Amendments to the Labour Code

On 29.03.2024 an Act amending and supplementing the Labour Code was promulgated in the State Gazette No 27. The changes entered into force on 01.04.2024. In this article is summarising the most important changes.

  1. Requirements for the content of the employment contract in case of remote work

In addition to the essential elements of the employment relationship (working hours, remuneration, amount of paid annual leave, etc.), the place of remote work shall also be specified in the employment contract. The employee may point out more than one place of remote work (the hybrid model – working from home and from the employer’s office). Upon request of the employee, the employer may allow amendment of the distant workplace for up to 30 working days per year. The amendments also oblige the employee to provide a workplace that allows the work to be carried out without risk to health and safety.

  1. Obligation for the provision of information

An employee who performs remote work must provide the employer with written information about the characteristics of the workplace. On the basis of the information received, the employer will be able to evaluate whether the workplace may be used for fulfilment of the work required and whether it corresponds to the rules and regulations on occupational safety and health established by the company.

  1. Employer’s financial liability

The liability of employers in the event of an occupational accident where the employee who performs remote work has failed to comply with prescribed occupational health and safety rules and regulations is reduced.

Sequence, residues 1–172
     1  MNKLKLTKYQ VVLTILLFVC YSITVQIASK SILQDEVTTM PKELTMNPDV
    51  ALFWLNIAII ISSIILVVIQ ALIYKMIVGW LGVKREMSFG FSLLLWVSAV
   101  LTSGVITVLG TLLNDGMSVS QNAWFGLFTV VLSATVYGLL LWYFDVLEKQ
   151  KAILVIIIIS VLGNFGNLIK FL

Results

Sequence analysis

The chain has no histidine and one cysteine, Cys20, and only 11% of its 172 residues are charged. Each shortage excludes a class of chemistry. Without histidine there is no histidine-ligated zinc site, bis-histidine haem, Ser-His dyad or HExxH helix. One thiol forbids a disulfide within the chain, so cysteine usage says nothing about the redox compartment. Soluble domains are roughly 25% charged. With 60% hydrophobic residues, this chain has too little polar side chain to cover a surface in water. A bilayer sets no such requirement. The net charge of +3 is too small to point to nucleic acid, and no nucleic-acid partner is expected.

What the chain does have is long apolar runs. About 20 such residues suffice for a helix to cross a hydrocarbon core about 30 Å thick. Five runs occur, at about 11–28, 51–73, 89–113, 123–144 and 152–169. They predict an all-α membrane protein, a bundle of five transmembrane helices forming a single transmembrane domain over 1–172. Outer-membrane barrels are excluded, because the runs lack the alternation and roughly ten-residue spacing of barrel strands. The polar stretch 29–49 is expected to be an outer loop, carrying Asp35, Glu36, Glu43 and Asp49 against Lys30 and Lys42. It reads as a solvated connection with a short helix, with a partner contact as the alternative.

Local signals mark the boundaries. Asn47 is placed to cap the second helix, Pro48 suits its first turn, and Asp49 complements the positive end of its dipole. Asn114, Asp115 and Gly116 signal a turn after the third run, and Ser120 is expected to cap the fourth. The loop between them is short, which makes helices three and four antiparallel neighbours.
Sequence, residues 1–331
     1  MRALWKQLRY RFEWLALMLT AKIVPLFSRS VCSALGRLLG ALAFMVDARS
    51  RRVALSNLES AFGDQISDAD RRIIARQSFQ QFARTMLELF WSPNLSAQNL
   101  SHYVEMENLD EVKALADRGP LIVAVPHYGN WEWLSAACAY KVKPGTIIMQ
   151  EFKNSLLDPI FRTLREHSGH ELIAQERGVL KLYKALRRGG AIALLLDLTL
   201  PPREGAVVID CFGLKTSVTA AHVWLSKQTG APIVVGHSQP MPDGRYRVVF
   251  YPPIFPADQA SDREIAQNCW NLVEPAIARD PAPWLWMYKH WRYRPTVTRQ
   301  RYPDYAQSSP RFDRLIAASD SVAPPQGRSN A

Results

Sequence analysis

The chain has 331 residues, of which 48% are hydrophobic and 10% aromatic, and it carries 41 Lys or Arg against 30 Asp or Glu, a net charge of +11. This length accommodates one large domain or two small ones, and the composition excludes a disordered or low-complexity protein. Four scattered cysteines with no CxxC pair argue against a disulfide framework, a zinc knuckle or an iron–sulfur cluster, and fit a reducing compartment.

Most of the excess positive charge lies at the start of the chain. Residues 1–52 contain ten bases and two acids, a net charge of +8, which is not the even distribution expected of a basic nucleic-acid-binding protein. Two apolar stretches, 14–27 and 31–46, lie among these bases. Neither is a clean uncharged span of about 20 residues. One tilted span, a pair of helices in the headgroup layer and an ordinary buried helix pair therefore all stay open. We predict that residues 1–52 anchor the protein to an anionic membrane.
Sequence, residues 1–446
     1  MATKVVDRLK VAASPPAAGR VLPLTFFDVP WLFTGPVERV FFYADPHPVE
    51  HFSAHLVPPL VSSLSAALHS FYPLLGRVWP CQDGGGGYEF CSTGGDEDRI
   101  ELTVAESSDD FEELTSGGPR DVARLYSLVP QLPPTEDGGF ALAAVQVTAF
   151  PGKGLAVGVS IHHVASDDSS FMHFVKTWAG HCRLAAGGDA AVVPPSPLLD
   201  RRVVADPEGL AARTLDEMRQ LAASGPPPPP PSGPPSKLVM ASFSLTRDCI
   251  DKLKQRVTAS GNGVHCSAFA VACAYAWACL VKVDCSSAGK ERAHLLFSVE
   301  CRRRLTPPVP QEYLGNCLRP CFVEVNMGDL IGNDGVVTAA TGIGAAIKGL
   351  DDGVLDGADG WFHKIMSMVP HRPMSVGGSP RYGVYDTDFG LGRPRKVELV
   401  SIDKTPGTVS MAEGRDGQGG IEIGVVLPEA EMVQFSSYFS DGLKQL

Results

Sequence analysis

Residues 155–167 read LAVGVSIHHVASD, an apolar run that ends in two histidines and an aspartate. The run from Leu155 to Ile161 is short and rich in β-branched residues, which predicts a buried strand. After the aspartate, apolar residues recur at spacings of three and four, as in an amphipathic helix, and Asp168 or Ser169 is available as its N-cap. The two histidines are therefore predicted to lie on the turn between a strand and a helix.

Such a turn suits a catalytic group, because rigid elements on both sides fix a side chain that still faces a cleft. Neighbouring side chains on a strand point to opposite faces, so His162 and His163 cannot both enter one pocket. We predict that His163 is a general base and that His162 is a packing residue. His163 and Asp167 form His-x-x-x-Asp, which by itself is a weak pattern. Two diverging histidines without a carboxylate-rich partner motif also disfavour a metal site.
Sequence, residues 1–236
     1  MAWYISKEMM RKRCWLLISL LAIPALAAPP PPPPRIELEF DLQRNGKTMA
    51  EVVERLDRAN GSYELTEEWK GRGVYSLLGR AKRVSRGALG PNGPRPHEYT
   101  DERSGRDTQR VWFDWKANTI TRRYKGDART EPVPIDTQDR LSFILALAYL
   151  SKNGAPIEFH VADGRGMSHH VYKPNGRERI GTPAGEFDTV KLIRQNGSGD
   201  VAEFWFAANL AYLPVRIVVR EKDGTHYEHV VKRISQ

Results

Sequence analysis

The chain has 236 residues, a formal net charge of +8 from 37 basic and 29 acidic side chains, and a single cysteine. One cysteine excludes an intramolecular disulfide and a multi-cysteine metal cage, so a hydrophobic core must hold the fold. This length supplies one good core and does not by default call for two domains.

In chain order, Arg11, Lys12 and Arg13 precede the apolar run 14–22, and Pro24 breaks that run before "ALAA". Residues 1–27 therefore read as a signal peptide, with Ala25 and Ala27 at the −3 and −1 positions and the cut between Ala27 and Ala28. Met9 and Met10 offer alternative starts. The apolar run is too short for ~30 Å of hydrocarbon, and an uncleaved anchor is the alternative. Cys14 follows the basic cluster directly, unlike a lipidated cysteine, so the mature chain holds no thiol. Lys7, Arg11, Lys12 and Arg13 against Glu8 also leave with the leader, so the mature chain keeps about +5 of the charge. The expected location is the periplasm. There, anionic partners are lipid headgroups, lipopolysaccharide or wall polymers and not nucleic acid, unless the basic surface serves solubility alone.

1. Requirements regarding information systems to assign and report work

Where the employer uses such systems, the respective information shall be provided to the employees. Hence, the employees may avail of the possibility to request a human review of automated decisions taken when they affect employees’ rights.

  1. Right to uninterrupted rest

The changes introduce the so-called “right to disconnect”, i.e. the employee’s right not to communicate electronically with the employer during regulated time-offs, in order to avoid disrupting statutory rest periods and to improve work-life balance opportunities. Conditions under which this is permissible may be agreed in the individual employment contract.

  1. Employers’ responsibility for guaranteeing employees’ remuneration in the case of subcontracting chains

Joint liability for guaranteeing the payment of an employee’s remuneration is introduced by the new regulations and it applies to the contractor and the subcontractor under a service contract where the subcontractor acts as employer. The contractor shall not be liable where it has accurately and in good faith performed or is performing its obligations under the contract with the subcontractor.

  1. Changes to the Occupational Health and Safety Act

In order to guarantee the rights of employees with regard to health and safety at work when working remotely, changes to the Occupational Health and Safety Act have been adopted.

In accordance with the amendments, the employer’s obligations to (i) provide occupational health and safety and equal protection from occupational hazards to employees who work remotely; (ii) provide employees who work remotely with the necessary information about the risks to their health and safety and the measures to be taken to eliminate, reduce or control those risks; and (iii) provide instruction and training to employees who work remotely, are explicitly regulated.